Local Catholics raised over US$4 million for three years' worth of restoration work
Tourists gather in the Queen of Peace Square in front of Notre Dame Cathedral in Ho Chi Minh City on July 6. (ucanews.com photo)
The iconic Notre Dame Cathedral of Ho Chi Minh City Archdiocese in southern Vietnam is undergoing extensive restoration that will take an estimated three years.
The Archbishop's House received the necessary building permits on June 30 and workers started erecting barriers around the 137-year-old cathedral on July 4.
The archdiocese's Board of Cathedral Restoration said the cathedral's roof and two bell towers are the main areas that will be restored.
An estimated 123,800 new tiles — imported from France and Germany — will be put on the roof while new material for the two 60.5-meter-high towers will also be imported from abroad.
Further areas needing restoring include walls, floors, stained glass windows, bells, doors, windows and lighting.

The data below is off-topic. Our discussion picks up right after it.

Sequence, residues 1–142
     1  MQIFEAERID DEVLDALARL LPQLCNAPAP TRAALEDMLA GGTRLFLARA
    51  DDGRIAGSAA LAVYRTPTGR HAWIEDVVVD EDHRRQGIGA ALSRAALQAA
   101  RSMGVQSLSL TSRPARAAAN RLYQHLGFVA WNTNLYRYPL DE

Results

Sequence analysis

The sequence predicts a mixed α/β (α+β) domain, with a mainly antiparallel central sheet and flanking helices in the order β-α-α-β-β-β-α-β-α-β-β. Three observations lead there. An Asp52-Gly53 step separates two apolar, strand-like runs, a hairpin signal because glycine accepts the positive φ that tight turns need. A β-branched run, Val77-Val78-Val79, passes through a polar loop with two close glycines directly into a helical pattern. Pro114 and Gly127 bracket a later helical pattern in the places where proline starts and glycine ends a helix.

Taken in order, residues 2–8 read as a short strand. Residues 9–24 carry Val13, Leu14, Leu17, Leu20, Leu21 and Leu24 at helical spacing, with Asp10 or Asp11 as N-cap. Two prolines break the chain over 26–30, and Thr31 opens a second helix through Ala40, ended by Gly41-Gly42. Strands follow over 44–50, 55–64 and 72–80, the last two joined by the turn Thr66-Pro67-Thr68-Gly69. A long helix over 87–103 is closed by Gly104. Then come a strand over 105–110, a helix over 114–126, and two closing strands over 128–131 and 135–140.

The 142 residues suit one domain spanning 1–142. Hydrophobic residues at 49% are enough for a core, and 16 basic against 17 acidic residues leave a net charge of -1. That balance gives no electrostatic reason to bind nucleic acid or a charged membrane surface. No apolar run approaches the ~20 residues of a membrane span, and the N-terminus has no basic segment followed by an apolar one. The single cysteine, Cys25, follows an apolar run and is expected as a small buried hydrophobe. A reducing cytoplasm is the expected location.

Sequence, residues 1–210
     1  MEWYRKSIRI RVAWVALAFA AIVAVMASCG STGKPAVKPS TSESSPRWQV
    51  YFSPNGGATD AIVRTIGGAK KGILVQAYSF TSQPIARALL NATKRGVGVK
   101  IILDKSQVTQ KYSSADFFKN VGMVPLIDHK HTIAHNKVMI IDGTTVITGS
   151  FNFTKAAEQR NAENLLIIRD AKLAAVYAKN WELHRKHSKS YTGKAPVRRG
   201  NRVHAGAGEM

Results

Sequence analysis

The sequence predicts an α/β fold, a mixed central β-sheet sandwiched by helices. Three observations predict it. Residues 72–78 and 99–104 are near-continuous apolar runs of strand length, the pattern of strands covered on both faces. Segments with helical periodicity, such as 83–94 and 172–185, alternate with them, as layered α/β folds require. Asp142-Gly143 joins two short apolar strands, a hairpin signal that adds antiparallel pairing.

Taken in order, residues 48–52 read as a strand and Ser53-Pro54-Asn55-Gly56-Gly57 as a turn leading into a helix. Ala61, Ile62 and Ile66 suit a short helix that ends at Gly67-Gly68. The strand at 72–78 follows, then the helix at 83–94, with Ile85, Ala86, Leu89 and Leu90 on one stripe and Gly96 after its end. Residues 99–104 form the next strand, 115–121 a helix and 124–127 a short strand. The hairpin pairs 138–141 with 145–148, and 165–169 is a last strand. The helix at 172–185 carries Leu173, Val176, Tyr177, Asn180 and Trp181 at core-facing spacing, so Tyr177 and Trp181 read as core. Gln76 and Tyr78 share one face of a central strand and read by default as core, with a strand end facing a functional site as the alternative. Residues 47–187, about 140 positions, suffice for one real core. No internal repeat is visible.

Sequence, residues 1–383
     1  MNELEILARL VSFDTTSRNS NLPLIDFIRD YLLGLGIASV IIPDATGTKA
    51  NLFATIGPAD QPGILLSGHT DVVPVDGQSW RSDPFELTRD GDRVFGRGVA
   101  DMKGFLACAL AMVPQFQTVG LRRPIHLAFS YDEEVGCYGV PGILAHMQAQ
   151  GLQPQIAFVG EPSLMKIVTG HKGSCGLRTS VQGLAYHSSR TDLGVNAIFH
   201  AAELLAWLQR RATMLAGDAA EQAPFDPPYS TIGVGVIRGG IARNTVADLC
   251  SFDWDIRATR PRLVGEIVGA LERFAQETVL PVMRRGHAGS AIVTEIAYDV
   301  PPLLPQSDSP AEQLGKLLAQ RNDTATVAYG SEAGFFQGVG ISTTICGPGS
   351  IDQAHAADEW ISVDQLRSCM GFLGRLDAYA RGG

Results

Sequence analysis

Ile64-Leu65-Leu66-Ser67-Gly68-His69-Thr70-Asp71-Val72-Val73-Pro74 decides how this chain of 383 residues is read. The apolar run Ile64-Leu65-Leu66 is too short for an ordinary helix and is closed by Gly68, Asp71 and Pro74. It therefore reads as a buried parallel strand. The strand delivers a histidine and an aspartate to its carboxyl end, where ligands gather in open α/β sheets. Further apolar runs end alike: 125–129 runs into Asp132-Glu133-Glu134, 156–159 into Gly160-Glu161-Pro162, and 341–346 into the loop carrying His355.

The Roman-and-Gothic building with a capacity of 1,200 seats was built in 1880 by French missionaries. Initial building materials were imported from France.
Father Ignatius Ho Van Xuan, head of the restoration board, said in a report issued in March that the work is expected to take three years to complete.
He said the project is estimated to cost 100 billion dong (US$4,405,000). All funds for the restoration work comes from local Catholics.
While the restoration is being carried out, regular services remain unchanged but tours of the cathedral have been put on hold due to safety concerns.
The church was installed as Immaculate Conception Cathedral Basilica in 1959. It is one of the top 10 most popular destinations of Ho Chi Minh City, formerly known as Saigon.
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